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New American Banjo Festival to be held in Western Mass this weekend

Aaron Jonah Lewis.
Nick Sinclair
Aaron Jonah Lewis.

On Saturday, Turners Falls, Massachusetts will host a festival dedicated to contemporary banjo playing.

The New American Banjo Festival isn’t just a celebration for enthusiasts of the banjo’s distinctive twang.

“New American Banjo speaks to an idea of exploration of new styles of banjo playing, or folks who are reinvigorating, and researching, and performing old styles of banjo playing that aren't necessarily in the popular domain at this point," said festival organizer Michael Nix. “It grew out of my association with an organization called the Banjo Gathering, which is a bunch of banjo researchers, musicians, players, builders, collectors, who gather mostly in the Washington D.C. area for a conference every year to explore the newest research in banjo history, banjo making techniques, banjo as a cultural icon, and newest musical uses for the banjo.”

That’s the kind of atmosphere Nix wants the festival to bring to New England, which established itself on the banjo map at the turn of the century.

“New England was a manufacturing center of quality high-end banjos," said Nix. "Boston, Groton, Connecticut, had a huge manufacturing base of high-end banjos. They're still sought after by collectors these days.”

Nix says despite the banjo’s old-timey associations, devotees of the instrument have never stopped innovating.

“What we thought of maybe 15 years ago as, oh, this is a country music instrument, or, you know, this is something that came out of hillbilly records from the 20s, is really being used in different new ways as people explore the color, timbre possibilities for the banjo in modern music,” Nix told WAMC.

He notes its prominence in Jane Campion’s Best Picture Oscar nominee “The Power of the Dog,” which stars Benedict Cumberbatch and Kirsten Dunst.

Warning: minor spoilers for “The Power of the Dog” ahead.

“In the pivotal scene, where Cumberbatch’s character was exerting his dominance over the female protagonist, he was doing it musically," said Nix. "She was playing the piano, and he was mirroring the exact same themes on his banjo, played fingerstyle.”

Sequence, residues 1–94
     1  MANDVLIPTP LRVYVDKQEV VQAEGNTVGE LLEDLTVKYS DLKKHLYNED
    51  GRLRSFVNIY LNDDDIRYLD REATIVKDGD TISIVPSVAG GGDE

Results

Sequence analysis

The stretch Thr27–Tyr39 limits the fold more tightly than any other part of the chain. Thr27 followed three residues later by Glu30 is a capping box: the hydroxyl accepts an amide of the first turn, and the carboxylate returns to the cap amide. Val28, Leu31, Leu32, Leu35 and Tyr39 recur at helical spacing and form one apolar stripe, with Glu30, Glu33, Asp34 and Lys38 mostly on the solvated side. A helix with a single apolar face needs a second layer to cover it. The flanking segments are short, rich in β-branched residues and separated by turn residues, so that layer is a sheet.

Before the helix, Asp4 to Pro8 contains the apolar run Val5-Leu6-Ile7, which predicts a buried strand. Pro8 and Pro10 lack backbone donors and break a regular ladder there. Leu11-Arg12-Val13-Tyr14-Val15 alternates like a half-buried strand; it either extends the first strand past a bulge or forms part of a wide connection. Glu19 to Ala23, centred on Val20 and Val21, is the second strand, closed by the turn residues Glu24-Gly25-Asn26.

Detroit-based Aaron Jonah Lewis, known for that style of play, will headline the festival.

“Aaron is a person who has resurrected the playing of classic fingerstyle banjo that is banjo that's played fingerstyle rather than with the back of the hand, like clawhammer or folk style," said Nix. "Well, in those days, it was called guitar style, and it was heavily influenced by American ragtime music and by parlor music composition.”

Lewis’s 2020 record “Mozart Of The Banjo: The Joe Morley Project” explores the compositions of the British player known for his contributions to classic fingerstyle playing.

“Aaron bases his music on heavy-duty research and performs it in a highly entertaining style as if he were one of those banjo virtuosos from around the turn of the century, dressed in costume," explained Nix. "It's quite a marvelous thing to hear. So, it's almost like you're listening to a banjo through the old Edison horn.”

Beyond organizing the event, Nix is also performing at it.

“I will be playing my new seven-string banjo, an instrument that I've designed, both in solos and in a chamber music situation with Chris Devine, who plays violin, viola, mandolin, and guitar, and Joe Fitzpatrick, who is a percussionist, and we’ll be playing number of pieces from my New Classic Banjo Project,” he said.

Each installation of the New American Banjo Festival has a theme.

“This year, we're doing the classic fingerstyle banjo," said Nix. "Next year I'll be looking at women of banjo, and there are a number of women performers who play in in a number of different styles.”

The 2022 New American Banjo Festival takes place at the Shea Theater Art Center in Turners Falls, Massachusetts Saturday night.

Josh Landes has been WAMC's Berkshire Bureau Chief since February 2018, following stints at WBGO Newark and WFMU East Orange. A passionate advocate for Western Massachusetts, Landes was raised in Pittsfield and attended Hampshire College in Amherst, receiving his bachelor's in Ethnomusicology and Radio Production. His free time is spent with his cat Harry, experimental electronic music, and exploring the woods.
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